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Latest: Summer Rogers-Ratcliffe inquest - police interview

Tragic tot Summer Mai Rogers-Ratcliffe.

Tragic tot Summer Mai Rogers-Ratcliffe.

A mum arrested over the death of a tot who was found lying in her cot with a head injury told police she didn’t touch her “baby girl”, an inquest heard.

The inquest of 21-month-old Summer Mai Rogers-Ratcliffe heard she had suffered a “non-accidental” injury but nobody has since been charged in connection with her death on February 28, 2012.

Yesterday (Wednesday), the inquest heard that Summer’s mum Victoria Rogers, 27, told police in interview that she didn’t touch the toddler but gave her a bottle at 5.30am before leaving to go to work.

Summer - who suffered a “blunt force head injury” and “bruising to the brain” that would have required a significant impact - was pronounced dead in the early hours of the next day at her home in Nook Green, Thornhill.

Medical experts concluded the toddler received the fatal ‘blunt force trauma’ injuries close to the time at which she was found dying.

After the tot died, her mum, stepdad and grandmother were all arrested later that year on suspicion of murder.

None of them could offer an explanation for the injuries or recall an accident that could be to blame.

Earlier in the case Bradford Coroner’s Court was told that the Crown Prosecution Service decided not to go ahead with the case because it was unclear who was looking after Summer when she was injured.

Mum Victoria, her partner Craig Sharpe, 34, and gran Susan Rogers, 58, were all released without charge.

Speaking to police in September 2012, after she was arrested on suspicion of her daughter’s murder, Victoria said that as far as she was concerned Summer was “fit and well” when she left the house.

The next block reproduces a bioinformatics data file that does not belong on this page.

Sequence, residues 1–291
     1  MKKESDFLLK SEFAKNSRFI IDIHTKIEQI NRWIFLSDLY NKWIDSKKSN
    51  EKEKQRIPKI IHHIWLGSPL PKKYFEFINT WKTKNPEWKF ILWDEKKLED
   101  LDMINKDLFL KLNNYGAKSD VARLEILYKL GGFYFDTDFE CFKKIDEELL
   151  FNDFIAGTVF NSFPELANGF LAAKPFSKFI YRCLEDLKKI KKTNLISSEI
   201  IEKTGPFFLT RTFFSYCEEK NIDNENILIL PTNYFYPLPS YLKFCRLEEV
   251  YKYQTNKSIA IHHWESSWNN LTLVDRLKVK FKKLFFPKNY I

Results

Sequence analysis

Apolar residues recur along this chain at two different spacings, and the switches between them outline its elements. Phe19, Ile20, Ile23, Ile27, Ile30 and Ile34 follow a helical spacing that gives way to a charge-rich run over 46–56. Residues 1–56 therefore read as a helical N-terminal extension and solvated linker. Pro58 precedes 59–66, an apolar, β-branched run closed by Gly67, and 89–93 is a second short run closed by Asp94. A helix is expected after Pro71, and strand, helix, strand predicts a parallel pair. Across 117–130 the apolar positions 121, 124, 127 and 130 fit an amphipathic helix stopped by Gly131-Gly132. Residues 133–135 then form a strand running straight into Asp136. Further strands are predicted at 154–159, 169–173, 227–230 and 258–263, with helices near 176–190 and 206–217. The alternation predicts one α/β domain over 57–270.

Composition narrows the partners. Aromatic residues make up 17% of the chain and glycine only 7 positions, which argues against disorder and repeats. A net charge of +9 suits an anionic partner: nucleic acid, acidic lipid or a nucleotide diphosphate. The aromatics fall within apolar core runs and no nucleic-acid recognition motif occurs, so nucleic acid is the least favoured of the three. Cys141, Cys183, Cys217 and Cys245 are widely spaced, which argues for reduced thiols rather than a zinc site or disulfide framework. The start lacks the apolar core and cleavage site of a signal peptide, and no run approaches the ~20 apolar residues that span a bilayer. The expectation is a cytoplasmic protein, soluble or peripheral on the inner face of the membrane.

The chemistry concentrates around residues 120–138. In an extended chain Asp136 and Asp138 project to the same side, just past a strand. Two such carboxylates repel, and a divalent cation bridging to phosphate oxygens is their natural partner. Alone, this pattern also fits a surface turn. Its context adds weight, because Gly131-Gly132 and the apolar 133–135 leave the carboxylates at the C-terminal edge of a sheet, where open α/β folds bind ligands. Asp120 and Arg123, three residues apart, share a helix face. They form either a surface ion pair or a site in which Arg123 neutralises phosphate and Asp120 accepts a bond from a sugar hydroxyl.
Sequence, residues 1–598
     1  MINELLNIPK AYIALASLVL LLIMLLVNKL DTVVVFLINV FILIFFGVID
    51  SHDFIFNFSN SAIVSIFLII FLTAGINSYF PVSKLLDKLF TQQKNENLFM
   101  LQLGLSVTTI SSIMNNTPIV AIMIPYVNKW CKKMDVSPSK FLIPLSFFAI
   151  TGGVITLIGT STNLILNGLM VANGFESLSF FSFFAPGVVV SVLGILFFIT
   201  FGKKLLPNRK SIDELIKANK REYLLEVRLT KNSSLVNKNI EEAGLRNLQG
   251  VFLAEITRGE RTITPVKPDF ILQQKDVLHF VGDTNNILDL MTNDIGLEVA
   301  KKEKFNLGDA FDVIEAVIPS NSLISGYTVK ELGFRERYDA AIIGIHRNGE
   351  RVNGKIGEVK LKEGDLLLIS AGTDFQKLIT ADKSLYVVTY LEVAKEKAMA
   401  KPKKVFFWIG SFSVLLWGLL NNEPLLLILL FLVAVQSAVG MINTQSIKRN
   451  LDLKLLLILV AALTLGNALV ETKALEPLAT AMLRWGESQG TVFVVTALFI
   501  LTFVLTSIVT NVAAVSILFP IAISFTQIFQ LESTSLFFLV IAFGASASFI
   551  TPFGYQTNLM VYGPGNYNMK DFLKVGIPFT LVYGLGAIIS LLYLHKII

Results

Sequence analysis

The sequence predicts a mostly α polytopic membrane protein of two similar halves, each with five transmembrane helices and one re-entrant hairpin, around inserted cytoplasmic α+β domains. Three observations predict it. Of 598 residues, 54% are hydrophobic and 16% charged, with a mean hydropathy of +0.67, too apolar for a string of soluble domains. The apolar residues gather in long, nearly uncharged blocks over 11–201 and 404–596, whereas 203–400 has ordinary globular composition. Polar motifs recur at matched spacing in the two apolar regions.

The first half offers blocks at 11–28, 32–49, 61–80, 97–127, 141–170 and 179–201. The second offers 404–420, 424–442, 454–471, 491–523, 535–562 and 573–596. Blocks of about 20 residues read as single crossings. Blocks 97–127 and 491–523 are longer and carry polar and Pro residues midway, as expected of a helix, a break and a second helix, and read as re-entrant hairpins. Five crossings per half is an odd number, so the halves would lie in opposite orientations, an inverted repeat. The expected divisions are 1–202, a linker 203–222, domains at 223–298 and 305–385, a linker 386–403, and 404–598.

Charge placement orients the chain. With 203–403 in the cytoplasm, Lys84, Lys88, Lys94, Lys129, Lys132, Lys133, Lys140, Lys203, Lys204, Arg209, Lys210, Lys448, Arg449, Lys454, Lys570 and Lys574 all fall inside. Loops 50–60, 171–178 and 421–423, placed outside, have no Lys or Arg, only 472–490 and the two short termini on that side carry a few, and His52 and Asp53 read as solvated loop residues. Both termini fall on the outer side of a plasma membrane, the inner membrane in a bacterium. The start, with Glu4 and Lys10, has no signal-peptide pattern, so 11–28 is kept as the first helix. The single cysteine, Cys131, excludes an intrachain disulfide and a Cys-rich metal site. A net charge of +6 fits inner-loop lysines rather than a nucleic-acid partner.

“There’s nothing I want to say apart from I didn’t touch my baby girl, I gave her her bottle at 5.30am and I went to work,” she said.

She added: “Somebody got Summer up after I gave her that bottle, and somebody hurt her.”

When asked if she did something to cause Summer’s injury after giving her the bottle, she replied “I didn’t”.

Victoria, of Dewsbury, West Yorks., then said when she left the house “my baby was fine”.

When the interviewing officer asked her “and the next you knew she had been taken ill with the injury that caused her death” she replied “yes”.

The auxiliary nurse sat in the witness box while the transcripts were read out and confirmed after each section whether she agreed with them.

The inquest heard that Summer had not been feeling well in the days up to her death and had vomited on several ocassions while staying with her grandparents over the weekend.

On the evening before she was was found in her cot, Victoria said she gave her a bottle at around 11.30pm and then one before she went to work.

She then left the house at around 5.45am, leaving tyre garage manager Craig in charge, until he left for work at about 7.45am. By this point Victoria’s mum had turned up to look after Summer, the inquest heard.

Asked, in interview, if she had any concerns about Craig’s ability to care for Summer, she replied “no”.

The inquest had heard previously that Summer was a healthy and happy girl from a ‘loving family’.

A statement read out in court from James Ratcliffe, Summer’s grandad, said: “Summer was a lovely girl and she brought new meaning to our lives.”

The self-employed plumber added: “She was a wonderful little girl and I loved her dearly.”

He said that Victoria and Summer’s dad Joss Ratcliffe had tried to make a go of it when they found out she was pregnant but it wasn’t working.

The inquest continues.

 

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